This working paper examines how the discourse on state fragility affects the preferences of key actors in humanitarian governance for different types of health sector interventions in the Democratic Republic of Congo (DRC).
Based on fieldwork in South Kivu and Kinshasa, we argue that, in addition to focusing on the actual meaning of state fragility, practitioners and scholars should give attention to the interactive processes around the state fragility discourse among stakeholders in the health sector. The lack of consensus on state fragility influences humanitarian governance, especially mutual perceptions of and interactions among the host-government, donors and international nongovernmental organisations (INGOs). Donors and INGOs have legitimised the persistence of vertical, emergency based interventions by emphasising state fragility, whereas state officials have preferred to assert political statehood and a higher degree of state control.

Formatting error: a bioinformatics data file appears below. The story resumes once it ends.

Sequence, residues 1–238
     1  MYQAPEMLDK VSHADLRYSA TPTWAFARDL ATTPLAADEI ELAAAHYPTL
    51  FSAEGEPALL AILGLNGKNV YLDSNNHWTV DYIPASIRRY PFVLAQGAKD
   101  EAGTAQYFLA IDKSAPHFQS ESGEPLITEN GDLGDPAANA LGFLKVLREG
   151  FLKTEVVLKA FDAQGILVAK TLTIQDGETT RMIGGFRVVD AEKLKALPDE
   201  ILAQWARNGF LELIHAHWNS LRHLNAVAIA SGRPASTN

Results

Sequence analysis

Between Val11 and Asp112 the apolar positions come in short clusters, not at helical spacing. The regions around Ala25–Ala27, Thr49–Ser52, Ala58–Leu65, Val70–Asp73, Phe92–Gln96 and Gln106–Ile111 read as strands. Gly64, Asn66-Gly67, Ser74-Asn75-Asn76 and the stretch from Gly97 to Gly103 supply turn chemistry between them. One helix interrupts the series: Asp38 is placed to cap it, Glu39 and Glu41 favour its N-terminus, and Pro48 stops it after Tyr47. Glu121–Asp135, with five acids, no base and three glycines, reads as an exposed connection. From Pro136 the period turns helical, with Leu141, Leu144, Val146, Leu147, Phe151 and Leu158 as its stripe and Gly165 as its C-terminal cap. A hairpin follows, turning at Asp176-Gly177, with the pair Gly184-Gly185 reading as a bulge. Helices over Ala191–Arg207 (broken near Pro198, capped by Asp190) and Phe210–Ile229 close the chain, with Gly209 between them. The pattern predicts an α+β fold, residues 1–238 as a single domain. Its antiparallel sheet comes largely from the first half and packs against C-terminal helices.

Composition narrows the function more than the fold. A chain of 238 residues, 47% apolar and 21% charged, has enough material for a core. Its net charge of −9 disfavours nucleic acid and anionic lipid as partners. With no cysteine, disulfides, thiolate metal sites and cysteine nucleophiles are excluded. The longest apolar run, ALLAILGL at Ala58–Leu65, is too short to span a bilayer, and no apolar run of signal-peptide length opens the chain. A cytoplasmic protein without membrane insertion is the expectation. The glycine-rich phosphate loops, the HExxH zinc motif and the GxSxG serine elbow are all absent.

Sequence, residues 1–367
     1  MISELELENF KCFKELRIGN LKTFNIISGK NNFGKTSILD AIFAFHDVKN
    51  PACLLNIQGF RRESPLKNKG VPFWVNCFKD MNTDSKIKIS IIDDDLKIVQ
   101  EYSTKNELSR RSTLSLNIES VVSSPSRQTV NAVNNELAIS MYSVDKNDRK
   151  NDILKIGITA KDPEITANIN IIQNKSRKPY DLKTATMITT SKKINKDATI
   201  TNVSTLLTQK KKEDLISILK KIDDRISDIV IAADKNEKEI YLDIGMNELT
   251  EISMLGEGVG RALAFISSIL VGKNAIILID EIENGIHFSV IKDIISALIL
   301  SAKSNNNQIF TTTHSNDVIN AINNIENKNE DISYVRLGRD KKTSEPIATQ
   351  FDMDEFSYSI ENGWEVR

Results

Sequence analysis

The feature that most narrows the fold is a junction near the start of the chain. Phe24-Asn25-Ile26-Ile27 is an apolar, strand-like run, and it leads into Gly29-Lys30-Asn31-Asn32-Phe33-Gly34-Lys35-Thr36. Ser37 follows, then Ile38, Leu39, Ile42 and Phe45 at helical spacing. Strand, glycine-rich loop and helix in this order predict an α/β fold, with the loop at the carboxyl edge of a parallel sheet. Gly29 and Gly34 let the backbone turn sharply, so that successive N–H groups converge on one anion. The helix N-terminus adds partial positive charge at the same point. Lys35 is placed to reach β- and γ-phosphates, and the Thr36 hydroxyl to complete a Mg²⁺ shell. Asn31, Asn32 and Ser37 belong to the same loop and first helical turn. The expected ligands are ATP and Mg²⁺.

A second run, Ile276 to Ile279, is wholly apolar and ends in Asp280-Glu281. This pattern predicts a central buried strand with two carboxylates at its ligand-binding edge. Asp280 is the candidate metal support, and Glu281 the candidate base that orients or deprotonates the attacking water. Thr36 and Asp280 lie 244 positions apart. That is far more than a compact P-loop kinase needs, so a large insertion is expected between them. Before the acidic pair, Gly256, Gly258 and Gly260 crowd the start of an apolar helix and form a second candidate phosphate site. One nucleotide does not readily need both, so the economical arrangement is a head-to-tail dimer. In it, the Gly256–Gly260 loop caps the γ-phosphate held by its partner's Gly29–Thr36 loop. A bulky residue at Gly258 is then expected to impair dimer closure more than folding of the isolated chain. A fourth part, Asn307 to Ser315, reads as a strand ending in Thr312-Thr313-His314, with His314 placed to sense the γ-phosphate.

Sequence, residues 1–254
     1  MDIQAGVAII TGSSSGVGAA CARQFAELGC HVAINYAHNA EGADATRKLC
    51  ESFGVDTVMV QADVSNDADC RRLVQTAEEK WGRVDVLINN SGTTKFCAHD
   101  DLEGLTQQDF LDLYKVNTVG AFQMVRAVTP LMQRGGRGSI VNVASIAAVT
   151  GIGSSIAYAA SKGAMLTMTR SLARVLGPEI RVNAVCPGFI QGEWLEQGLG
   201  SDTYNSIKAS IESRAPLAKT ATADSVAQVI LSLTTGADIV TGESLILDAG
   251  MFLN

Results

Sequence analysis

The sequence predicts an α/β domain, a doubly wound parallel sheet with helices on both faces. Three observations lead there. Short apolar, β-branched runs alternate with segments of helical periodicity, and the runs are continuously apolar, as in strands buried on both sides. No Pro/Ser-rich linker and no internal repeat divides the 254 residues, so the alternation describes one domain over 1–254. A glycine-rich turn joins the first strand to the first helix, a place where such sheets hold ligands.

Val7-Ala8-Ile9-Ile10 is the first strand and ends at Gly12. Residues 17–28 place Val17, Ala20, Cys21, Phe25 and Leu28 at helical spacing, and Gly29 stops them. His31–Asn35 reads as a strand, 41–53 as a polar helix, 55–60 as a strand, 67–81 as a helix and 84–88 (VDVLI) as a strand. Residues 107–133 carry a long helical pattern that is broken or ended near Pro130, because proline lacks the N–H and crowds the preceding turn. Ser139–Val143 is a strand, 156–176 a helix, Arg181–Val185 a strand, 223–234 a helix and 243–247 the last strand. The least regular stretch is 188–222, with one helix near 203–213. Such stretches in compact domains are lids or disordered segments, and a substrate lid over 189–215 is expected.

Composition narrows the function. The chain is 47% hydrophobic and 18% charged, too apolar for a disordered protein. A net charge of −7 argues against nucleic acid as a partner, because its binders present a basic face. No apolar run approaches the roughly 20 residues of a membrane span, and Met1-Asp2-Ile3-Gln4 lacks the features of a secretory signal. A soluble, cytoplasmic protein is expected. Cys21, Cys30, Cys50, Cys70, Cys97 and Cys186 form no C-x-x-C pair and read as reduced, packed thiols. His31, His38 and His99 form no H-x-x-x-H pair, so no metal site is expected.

Nevertheless, state, INGOs and donor organisations agree that donors’ financial contributions ensure the survival of the public health sector. Looking forward, it is important to build a policy coalition based on harmonised views on addressing fragility. This will be necessary for effective engagement and the sustainability of interventions but, given the current political situation, this harmonisation is not likely to happen any time soon.
This paper is based on an article of the same name in theDisasters JournalSpecial Issue, ‘Humanitarian Governance’ (forthcoming, April 2019), edited by Dennis Dijkzeul and Kristin Sandvik.